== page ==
Since the beginning of the century, a number of proposals have been formulated to improve the legal, fiscal and administrative facilities of international NGOs. These are reviewed in some of the following Appendices:

This collection of texts and documents presents many initiatives over the past 80 years. It does not however include those initiatives specifically focussed on the tax treatment of non-profit organizations, namely the 1971 Draft Convention on the Tax Treatment in respect of certain Non-Profit Organizations proposed by the International Standing Conference on Philanthropy (10), or the 1972 Recommendation (No. 656) of the Council of Europe. The latter emphasized the differences between the tax treatment applicable and invited 'the member governments to study the possibility of removing the judicial and fiscal obstacles to an increase in international activities by non-profit organizations, with a view to promoting European solidarity'.

The initiatives presented in the following Appendices do appear to be bearing fruit in the current initiative of the Council of Europe (see Appendix 4.11) and in the proposals for the European Community (see Appendix 4.12). This is arguably more a consequence of the pressures towards the integration of Europe into a single economic unity rather than a genuine response to the conditions of organizations operating across the more usual type of national boundaries. There is also the possibility of conflict between the potential openness of the European Convention (see Appendix 4.11, Art. 7) and the EEC-limited focus currently envisaged for the Community proposals (which make no mention of posssible implications for ACP and other associated groups of countries).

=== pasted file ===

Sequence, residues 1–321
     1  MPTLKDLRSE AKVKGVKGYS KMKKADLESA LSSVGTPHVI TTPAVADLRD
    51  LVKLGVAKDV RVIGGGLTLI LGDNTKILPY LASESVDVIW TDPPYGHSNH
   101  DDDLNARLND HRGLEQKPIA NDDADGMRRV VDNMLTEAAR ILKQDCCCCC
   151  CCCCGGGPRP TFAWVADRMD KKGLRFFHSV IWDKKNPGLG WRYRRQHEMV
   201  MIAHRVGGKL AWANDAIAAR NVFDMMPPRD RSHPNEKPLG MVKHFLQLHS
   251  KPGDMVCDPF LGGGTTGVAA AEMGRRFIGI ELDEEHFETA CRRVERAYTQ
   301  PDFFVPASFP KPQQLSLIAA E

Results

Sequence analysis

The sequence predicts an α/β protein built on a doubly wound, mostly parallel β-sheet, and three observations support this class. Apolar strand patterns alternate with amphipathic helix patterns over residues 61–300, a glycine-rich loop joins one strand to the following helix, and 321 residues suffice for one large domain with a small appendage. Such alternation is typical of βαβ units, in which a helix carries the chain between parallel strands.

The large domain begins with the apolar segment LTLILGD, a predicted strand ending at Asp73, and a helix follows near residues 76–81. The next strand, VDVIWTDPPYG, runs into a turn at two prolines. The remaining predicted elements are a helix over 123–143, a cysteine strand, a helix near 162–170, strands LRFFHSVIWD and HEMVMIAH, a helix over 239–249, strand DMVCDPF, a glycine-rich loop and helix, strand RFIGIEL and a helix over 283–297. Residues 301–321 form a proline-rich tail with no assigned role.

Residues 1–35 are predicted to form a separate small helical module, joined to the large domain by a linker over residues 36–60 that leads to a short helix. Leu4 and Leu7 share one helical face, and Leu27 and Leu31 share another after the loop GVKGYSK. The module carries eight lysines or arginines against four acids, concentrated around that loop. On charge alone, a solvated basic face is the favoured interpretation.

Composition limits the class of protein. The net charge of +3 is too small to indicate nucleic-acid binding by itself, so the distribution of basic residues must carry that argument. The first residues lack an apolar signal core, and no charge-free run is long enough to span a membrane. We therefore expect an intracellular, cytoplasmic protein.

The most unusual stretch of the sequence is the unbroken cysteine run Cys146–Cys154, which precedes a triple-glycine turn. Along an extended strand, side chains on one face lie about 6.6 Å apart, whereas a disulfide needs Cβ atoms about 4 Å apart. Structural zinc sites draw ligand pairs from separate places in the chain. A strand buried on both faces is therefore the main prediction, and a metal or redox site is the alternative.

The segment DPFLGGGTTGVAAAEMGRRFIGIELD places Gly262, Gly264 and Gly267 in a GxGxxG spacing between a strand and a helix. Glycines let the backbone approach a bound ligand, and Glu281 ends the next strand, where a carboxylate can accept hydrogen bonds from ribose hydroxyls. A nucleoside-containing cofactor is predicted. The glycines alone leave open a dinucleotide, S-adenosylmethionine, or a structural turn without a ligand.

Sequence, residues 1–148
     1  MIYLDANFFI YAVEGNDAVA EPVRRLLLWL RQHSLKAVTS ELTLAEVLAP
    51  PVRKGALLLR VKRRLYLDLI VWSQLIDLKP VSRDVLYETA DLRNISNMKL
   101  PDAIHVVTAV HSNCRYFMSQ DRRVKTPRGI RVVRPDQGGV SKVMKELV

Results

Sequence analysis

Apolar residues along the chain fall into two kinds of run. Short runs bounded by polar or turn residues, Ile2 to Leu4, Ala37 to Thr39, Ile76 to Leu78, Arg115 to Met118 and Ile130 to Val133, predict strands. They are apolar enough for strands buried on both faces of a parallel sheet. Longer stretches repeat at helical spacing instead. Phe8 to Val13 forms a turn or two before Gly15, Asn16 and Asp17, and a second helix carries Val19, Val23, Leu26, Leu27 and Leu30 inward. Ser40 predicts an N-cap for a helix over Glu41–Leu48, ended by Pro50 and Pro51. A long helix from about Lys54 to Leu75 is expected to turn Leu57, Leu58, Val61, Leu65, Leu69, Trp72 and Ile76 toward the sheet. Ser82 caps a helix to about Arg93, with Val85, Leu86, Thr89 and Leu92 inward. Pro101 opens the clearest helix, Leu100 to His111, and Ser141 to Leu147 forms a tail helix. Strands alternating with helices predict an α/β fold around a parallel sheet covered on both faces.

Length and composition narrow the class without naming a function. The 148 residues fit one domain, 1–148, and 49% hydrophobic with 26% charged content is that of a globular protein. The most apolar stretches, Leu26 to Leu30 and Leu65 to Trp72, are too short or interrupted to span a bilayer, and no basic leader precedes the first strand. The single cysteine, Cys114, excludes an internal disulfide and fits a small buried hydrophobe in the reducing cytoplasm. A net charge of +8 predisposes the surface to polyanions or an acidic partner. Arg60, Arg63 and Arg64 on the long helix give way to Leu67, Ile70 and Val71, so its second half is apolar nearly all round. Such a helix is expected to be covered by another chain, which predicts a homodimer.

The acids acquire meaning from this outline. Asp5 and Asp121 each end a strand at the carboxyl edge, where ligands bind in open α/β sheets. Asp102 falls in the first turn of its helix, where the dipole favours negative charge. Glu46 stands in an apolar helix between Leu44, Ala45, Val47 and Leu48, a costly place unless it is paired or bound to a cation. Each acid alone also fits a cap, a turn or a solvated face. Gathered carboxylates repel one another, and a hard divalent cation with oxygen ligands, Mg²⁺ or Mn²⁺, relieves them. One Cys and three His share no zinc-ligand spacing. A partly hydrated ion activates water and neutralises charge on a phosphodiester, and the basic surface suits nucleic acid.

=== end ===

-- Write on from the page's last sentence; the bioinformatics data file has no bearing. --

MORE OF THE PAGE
After 80 years, it remains to be seen whether such proposals come into force in Western Europe and whether they prove satisfactory in practice. It is regretable that any success will have been bought at the price of limiting application to a single region and possibly to those categories of association fulfilling special criteria. At this point in time it is unclear whether the current initiatives will offer opportunities for effective discrimination against certain types of organization, if only by privileging those more closely associated with the economic aims of the EEC. The harmonization of approach may, for example, deprive international associations of the privileges they currently enjoy under Belgian law (see Appendix 6.1) for no provisions have been made in these proposals for the status in European countries of international associations which are not specially concerned with Europe or European priorities. The very success of these proposals may effectively discriminate against such bodies, even when they have their headquarters in Europe. Unfortunately no intergovernmental effort has yet been made to recommend a more enlightened approach to the status of associations, whether national or international, outside Western Europe.